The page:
Intrauterine insemination can be performed as a fertility treatment method and is typically done during ovulation. It may be done in conjunction with oral fertility drugs or injectable ovulation-stimulating drugs.
What is intrauterine insemination?
Intrauterine insemination (IUI) is a type of artificial insemination in which sperm is used to fertilize an egg either from a sperm donor or from your partner.
With natural conception, sperm must travel from your vagina through your cervix, into your uterus, and to your fallopian tubes. Only 5% of all sperm enter your uterus through your vagina. Your ovary releases an egg, which travels to your fallopian tube. This is where the sperm and egg meet, resulting in fertilization.
During IUI, sperm is collected, purified, and concentrated to leave only high-quality sperm. Since the sperm is directly injected with a catheter into your uterus, it is closer to your fallopian tubes, which decreases the time it takes for the sperm to reach the egg. This increases your chance of becoming pregnant.
Why is artificial insemination done?
Intrauterine insemination (IUI) is often done for people experiencing fertility problems, same-sex couples, or women who want to become pregnant on their own with the help of a sperm donor. People may opt for IUI in the following cases:
- Unexplained infertility: This occurs when doctors are unable to determine the cause of infertility.
- Low sperm count: Treatment for infertility often involves a semen analysis, which may indicate that your partner’s sperm are few in number, weak, shaped strangely, small, fragile, or slow. IUI can help with these issues because only quality sperm is chosen and used.
- Erection or ejaculation problems: IUI may be recommended if your partner cannot ejaculate or maintain an erection.
- Semen allergy: In rare cases, people can become allergic to the sperm of their partner, causing vaginal burning, swelling, and redness. IUI can help because sperm washing removes the proteins that cause the allergy.
- Cervical mucus problems: If your cervical mucus is too thick, sperm may struggle to swim through the vagina to the uterus to the fallopian tubes. With IUI, sperm travels directly to your uterus without having to pass through your cervix.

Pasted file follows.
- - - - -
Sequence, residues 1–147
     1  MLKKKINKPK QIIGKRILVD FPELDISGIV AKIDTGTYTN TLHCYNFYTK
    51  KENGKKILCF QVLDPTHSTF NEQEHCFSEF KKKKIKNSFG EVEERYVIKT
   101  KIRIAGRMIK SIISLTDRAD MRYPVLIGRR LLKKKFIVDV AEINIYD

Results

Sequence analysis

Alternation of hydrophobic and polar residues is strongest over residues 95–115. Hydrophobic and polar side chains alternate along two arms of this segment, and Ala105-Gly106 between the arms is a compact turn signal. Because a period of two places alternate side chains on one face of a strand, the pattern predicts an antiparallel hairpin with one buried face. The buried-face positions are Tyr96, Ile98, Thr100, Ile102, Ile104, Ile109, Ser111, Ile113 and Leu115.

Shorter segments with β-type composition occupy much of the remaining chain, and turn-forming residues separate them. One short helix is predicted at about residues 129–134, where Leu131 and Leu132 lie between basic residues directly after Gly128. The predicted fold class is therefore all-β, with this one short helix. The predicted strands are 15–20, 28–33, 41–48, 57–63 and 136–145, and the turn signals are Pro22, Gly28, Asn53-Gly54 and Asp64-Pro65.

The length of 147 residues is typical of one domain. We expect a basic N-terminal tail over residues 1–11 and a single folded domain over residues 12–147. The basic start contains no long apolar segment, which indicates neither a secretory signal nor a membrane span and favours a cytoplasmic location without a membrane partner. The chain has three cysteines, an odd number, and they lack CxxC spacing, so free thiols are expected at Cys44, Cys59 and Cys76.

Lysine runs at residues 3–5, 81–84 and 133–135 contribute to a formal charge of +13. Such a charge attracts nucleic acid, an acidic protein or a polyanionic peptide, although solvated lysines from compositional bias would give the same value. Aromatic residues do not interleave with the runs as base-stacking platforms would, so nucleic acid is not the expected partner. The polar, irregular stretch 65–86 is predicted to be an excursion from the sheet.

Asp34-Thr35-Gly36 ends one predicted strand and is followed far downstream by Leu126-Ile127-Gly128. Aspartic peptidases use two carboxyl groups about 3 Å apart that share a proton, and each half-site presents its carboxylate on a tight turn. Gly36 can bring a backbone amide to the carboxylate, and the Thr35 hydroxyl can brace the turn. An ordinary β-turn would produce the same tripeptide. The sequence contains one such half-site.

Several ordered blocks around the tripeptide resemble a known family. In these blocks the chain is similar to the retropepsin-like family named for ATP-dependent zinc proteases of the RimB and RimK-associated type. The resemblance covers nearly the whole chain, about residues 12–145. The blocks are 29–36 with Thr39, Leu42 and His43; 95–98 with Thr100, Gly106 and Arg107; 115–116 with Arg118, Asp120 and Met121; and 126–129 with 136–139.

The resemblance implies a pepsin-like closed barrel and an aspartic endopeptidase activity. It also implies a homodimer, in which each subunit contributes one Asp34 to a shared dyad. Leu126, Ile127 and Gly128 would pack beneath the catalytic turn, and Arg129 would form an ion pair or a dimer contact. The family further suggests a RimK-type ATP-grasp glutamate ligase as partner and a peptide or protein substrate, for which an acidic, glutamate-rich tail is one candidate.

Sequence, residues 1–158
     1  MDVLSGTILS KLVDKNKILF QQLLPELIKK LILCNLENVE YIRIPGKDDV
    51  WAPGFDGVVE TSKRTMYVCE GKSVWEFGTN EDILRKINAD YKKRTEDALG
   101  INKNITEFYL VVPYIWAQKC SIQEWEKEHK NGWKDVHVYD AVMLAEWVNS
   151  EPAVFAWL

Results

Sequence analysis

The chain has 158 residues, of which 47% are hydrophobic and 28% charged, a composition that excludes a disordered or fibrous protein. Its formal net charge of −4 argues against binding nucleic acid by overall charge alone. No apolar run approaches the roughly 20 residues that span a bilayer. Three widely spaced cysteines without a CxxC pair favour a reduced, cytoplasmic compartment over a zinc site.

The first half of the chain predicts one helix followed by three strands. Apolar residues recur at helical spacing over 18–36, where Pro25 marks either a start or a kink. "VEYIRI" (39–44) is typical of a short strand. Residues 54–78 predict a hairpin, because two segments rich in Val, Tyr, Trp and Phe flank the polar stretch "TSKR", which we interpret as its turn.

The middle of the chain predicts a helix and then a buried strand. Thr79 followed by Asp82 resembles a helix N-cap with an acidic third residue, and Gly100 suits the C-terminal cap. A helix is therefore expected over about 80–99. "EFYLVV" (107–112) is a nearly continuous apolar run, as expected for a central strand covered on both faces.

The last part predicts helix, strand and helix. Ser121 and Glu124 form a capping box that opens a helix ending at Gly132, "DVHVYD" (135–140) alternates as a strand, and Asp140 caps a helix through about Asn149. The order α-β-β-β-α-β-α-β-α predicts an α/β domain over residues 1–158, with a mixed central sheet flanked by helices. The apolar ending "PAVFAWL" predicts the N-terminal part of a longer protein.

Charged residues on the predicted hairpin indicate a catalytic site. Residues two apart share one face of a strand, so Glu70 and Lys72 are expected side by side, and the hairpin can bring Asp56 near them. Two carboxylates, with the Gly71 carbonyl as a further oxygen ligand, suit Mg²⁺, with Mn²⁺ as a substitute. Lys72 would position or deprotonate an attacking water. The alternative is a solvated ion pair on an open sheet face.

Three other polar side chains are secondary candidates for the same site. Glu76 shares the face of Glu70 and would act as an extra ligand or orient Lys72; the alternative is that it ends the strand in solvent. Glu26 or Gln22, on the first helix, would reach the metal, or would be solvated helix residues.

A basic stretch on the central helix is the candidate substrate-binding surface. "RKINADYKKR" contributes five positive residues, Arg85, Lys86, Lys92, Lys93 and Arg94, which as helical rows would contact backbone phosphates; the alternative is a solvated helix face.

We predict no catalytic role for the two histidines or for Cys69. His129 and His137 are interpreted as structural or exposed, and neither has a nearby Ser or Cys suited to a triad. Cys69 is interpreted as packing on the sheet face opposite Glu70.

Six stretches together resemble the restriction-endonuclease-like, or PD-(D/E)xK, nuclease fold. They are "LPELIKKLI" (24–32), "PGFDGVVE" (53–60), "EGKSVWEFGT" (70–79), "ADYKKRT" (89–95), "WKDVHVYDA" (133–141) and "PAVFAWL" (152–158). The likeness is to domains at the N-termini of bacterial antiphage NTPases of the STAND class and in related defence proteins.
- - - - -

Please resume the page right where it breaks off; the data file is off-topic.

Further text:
How is sperm collected for insemination?
There are various ways sperm is collected for intrauterine insemination.
In most cases, the man masturbates into a sterile cup provided by the doctor's office or an andrology laboratory.
Sperm can also be collected during intercourse using a unique condom supplied by a doctor. If a man suffers retrograde ejaculation, the sperm can be extracted from his urine.
Men who have erection or ejaculation problems and those who have had spinal cord injuries may benefit from vibratory stimulation or electroejaculation to produce a sperm sample:
- Vibrational stimulation is routinely practiced in an office setting using a handheld vibrating device.
- Electroejaculation uses electrical stimulation to produce a sperm sample.
What happens when you are inseminated?
Intrauterine insemination (IUI) is carried out just before the woman's ovulation. The IUI procedure is simple and relatively fast once the semen sample is ready.
The semen sample is "washed" in the lab to concentrate the sperm and separate it from the seminal fluid, which can cause severe cramping in women. This procedure may take up to 2 hours to complete.
You will be asked to lie down on an examination table. Your doctor will examine your cervix using a speculum inserted into your vagina. A catheter (a tiny tube) is inserted through your cervix and used to gradually inject the washed semen sample into your uterus.
Although the procedure is usually painless, some women report cramping and spotting for 1-2 days following the IUI.
How successful is intrauterine insemination?
With IUI, there is a 10% chance of pregnancy per cycle. In other words, 10 out of every 100 women who use one cycle of donor sperm will get pregnant. But this also implies that for most couples to fully benefit from this procedure, 4-6 insemination sessions may be necessary.
What are the risks of intrauterine insemination?
Intrauterine insemination (IUI) poses fewer risks than other more invasive fertility procedures, such as in vitro fertilization.
However, IUI has some risks, which include:
- Multiple births: If you take fertility medications, you may release more than one egg. This increases your likelihood of having twins, triplets, or more. Premature labor and low birth weight are risks that are heightened with multiple pregnancies.
- Ovarian hyperstimulation syndrome (OHSS): This is an uncommon adverse reaction brought on by excessive usage of reproductive drugs. Your ovaries become sore and enlarged as a result of OHSS.
- Infection: Bacteria in the vagina that are present during IUI can spread to the uterus during the insemination procedure, resulting in infections.
- Spotting: The procedure may result in minor vaginal bleeding.
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